- Follow-up and further work based on the experiences and knowledge shared with us is still underway, but key inputs for this article have emerged from this engagement.
We state at the outset that at TARSHI too our engagement with these themes is ongoing, and work-in-progress. As we welcome new team members who bring their own, diverse, lived experiences, we adapt old methods and create new ones. It is in the awareness, the practice, and in course-correction as and when needed, that our learning culture continues to evolve.
Approaching mental health, wellbeing, stress and burnout:
The pandemic has catalysed a widespread introduction of mental health and wellbeing words and concepts into the work environment. As Nidhi Chaudhary and Titas Ghosh, who conducted the interviews on behalf of TARSHI, noted during this engagement, most organisations are proactive in bringing up conversations around mental health, stress and burnout since the pandemic began.
Stress has no one single definition but has been variously understood from medical and non-medical perspectives. Stress may be seen as part of a process that has the potential, ultimately, to lead to burnout. In the 1980s Christina Maslach, a social psychologist and pioneer in this area of work, articulated a commonly accepted definition of burnout: “a syndrome of emotional exhaustion and cynicism that occurs frequently among individuals who do ‘people-work’ of some kind.” 
The interconnectedness of everything:
A wide variety of observations emerged from our conversations with people, but the highlight lay in the interconnectedness of everything. This is particularly true of the way mental health intersects with all diverse life conditions, identities and experiences.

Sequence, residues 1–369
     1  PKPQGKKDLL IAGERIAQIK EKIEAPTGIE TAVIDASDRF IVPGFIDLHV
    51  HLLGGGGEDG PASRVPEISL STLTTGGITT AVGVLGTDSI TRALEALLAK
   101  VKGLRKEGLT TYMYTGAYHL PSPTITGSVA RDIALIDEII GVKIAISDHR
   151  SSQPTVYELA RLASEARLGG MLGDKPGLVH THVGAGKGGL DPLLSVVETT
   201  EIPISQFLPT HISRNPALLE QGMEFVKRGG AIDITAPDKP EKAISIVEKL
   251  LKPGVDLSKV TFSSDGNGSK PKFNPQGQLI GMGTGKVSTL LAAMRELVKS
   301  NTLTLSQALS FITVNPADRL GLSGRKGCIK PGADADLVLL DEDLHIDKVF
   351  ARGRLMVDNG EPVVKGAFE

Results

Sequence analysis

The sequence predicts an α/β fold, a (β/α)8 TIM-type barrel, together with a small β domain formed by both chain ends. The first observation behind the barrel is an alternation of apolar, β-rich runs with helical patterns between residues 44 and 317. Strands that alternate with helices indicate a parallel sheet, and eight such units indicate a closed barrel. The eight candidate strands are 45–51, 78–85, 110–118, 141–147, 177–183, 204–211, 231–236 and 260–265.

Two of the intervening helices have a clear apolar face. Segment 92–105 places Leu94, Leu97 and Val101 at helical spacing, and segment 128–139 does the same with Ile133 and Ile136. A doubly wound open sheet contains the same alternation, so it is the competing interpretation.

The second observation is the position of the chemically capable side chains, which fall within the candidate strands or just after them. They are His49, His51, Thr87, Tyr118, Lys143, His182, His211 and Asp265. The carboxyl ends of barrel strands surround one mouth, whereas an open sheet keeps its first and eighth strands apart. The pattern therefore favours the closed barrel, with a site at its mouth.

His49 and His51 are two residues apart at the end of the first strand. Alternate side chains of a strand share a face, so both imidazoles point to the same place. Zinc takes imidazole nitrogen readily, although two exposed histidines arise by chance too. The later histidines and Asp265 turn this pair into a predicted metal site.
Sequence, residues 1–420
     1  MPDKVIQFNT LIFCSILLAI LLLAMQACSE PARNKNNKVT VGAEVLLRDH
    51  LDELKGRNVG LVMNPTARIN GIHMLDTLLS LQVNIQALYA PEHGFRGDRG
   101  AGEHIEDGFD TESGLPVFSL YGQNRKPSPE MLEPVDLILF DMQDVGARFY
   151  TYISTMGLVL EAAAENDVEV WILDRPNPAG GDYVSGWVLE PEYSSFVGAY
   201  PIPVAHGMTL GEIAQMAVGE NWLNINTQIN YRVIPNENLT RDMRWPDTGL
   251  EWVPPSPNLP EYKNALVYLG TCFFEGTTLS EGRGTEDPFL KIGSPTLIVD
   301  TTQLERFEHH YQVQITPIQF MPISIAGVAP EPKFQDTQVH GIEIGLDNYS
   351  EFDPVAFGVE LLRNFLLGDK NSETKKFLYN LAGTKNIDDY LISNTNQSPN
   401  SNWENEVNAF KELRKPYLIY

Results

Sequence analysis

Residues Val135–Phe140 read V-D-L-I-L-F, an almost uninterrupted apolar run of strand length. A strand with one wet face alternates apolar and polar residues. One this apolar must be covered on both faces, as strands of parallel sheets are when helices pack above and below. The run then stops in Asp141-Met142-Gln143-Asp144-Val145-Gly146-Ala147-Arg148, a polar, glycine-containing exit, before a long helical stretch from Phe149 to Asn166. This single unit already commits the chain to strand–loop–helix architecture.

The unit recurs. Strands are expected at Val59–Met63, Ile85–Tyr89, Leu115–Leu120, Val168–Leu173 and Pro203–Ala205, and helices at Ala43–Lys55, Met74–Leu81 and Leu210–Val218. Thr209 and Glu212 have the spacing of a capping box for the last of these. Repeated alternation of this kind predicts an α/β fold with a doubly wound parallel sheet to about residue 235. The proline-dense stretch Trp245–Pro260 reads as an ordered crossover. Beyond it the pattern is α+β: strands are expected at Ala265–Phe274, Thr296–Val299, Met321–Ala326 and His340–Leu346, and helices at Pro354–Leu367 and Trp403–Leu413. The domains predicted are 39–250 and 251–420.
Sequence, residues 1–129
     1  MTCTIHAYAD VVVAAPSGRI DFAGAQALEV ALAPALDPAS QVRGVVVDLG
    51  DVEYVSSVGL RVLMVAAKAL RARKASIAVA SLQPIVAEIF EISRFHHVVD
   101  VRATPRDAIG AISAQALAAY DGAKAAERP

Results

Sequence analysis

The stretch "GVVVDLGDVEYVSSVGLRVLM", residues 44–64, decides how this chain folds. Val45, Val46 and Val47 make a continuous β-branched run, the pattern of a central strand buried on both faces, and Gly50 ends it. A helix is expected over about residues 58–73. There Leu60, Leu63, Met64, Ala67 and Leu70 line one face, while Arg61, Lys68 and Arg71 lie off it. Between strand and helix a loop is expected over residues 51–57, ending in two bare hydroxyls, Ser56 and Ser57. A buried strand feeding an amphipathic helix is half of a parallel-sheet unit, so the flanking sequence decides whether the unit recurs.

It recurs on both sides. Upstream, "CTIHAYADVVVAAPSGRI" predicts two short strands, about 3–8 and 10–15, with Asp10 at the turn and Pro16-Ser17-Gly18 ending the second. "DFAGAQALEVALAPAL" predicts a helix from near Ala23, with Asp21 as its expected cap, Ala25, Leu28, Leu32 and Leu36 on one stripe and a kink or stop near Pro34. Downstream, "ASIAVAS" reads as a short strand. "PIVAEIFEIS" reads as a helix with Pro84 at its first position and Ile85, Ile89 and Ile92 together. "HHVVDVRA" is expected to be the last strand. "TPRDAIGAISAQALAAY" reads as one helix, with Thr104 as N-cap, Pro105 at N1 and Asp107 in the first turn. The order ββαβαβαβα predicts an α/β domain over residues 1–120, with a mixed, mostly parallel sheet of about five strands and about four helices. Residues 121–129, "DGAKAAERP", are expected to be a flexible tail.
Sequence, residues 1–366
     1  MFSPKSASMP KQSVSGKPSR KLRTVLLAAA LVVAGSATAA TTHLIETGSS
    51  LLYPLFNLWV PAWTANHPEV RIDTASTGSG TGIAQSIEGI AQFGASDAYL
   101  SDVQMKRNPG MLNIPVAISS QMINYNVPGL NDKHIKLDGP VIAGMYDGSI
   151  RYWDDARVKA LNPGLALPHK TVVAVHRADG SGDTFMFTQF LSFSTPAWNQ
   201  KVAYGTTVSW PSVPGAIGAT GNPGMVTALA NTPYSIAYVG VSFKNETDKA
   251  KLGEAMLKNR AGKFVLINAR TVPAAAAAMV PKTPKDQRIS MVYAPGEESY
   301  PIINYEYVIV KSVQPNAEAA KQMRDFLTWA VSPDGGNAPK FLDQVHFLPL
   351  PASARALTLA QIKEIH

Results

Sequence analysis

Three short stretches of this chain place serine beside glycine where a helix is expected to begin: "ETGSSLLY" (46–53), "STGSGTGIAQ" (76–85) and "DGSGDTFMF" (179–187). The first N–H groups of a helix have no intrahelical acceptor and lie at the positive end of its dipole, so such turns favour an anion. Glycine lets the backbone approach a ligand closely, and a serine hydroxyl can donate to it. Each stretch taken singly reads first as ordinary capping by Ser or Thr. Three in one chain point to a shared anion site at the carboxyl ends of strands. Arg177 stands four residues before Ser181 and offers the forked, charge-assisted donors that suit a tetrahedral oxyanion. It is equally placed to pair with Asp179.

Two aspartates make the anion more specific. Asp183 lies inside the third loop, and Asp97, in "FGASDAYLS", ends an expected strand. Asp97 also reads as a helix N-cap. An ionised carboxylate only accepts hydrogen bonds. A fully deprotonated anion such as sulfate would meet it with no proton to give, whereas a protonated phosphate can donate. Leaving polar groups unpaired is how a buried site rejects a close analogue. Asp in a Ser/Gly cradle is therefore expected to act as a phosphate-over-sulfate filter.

Participants from a TARSHI session on safe spaces, inclusion and mental health
(1) Organisations that are specifically working in a theme area such as mental health, have their own unique sensitivity to that theme in particular. On the flip side, theme areas that are not specifically in the purpose and work mandate of the organisation, and are therefore less familiar in conversation and practice, tend to receive less organisational energy. Critically, experience and understanding of intersectionality hugely impact the ability to create a safe and inclusive environment that continues to evolve with evolving requirements. As one of our research respondents pointed out − being a part of the LGBT community, there is a greater recognition of how others from the community experience multiple challenges. The willingness to deal with this becomes a factor for an organisation to consider. We see that organisations are opening out the space for exploring learning-exchange processes with each other through engagements such as training programs that enable experience and expertise sharing.
(2) Recruitment policies and practices offer the opportunity for positive discrimination through affirmative action and many organisations are evolving their own processes and understanding of this.
Some organisations spoke to us about:
- recruitment methods that factor in experience and qualifications regardless of social identity, and where the only background checks are related to work experience;